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Lawmakers Push for Farm Bill Passage
“I’m very proud of this Farm Bill. I think it goes a long ways,” said Northern Tier Rep. Glenn Thompson, who sits on the House Agriculture Committee. The bill he’s pushing eliminates three programs Thompson says influenced dairy pricing, and it replaces them with a risk management tool called margin insurance.
“I think that will help stabilize milk prices, and it’ll be good for our dairy farmers,” explained Thompson.
The House Bill also cuts spending by $35 billion. Almost half of that are cuts to the Supplemental Nutrition Assistance Program, also known as food stamps.
“We eliminated some of the areas of abuse and misuse,” said Thompson. “Anyone who’s truly in need of food stamps will get it.”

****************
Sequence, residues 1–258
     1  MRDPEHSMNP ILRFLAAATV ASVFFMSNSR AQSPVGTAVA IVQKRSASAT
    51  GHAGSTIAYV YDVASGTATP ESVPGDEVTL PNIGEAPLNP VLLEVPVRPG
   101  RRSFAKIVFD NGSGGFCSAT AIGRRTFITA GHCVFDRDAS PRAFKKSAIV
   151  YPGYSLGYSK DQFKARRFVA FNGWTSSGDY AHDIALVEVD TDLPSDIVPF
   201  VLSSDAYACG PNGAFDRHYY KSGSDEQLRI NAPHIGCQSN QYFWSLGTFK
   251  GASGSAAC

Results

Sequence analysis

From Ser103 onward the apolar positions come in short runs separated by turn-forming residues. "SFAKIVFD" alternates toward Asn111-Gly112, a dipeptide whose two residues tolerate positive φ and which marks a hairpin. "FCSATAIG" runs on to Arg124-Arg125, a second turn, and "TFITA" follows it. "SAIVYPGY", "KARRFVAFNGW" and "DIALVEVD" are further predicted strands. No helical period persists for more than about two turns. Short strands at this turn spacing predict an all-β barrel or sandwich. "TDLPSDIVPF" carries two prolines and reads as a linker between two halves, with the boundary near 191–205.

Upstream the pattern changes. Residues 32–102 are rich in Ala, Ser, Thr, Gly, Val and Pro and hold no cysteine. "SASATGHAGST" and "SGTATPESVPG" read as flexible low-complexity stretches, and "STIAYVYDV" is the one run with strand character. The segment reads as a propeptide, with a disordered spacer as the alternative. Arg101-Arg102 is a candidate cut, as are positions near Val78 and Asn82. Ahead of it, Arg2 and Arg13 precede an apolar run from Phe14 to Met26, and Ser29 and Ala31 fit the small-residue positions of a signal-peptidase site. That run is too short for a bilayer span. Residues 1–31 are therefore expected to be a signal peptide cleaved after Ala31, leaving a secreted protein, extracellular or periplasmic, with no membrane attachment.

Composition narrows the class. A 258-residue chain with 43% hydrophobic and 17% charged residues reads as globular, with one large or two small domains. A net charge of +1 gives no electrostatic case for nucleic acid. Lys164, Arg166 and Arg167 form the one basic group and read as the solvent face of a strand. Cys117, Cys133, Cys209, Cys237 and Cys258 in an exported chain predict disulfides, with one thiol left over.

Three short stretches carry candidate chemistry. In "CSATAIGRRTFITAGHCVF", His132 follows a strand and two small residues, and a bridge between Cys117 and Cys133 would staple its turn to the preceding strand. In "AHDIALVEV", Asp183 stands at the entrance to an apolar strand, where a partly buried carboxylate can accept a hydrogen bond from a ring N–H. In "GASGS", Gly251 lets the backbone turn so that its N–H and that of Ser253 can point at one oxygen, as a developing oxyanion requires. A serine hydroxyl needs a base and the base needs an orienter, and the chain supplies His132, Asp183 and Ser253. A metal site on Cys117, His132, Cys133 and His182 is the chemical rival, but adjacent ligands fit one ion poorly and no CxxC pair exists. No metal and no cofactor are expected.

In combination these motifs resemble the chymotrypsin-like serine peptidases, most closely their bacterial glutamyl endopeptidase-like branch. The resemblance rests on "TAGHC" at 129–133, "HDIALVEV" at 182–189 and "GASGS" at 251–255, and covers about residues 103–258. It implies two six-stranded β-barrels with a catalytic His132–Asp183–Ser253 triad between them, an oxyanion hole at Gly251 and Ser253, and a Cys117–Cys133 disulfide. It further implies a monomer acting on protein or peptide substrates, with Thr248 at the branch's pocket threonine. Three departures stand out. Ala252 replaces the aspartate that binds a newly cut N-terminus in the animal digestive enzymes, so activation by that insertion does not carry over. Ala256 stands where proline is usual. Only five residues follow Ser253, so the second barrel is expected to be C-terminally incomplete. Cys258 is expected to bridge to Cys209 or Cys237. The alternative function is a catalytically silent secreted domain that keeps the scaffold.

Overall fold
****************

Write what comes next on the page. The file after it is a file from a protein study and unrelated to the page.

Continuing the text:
“Nobody should be getting help who’s ripping off the system. But when somebody loses their job because the plant closes, and they pay taxes all their lives, and now they need some temporary help to put food on the table, I think that’s when the food program should be there,” explained Sen. Debbie Stabenow of Michigan, who chairs the Senate Ag Committee.
The Senate’s bill, which passed in June, cuts spending by $23 billion, eliminates direct payments to farmers for crops they’re not growing, and strengthens crop insurance.
“There are some differences that are significant. But we can work those out in a final negotiation in a conference committee,” explained Stabenow.
But before that happens, the full House needs to act.
“It’s absolutely critical that the House moves forward,” she said.
Thompson hopes the House will vote on its version of the Farm Bill in the next few weeks before Congress leaves for August recess. Then, both sides could work on final passage in September, as the current Farm Bill is set to expire on September 30.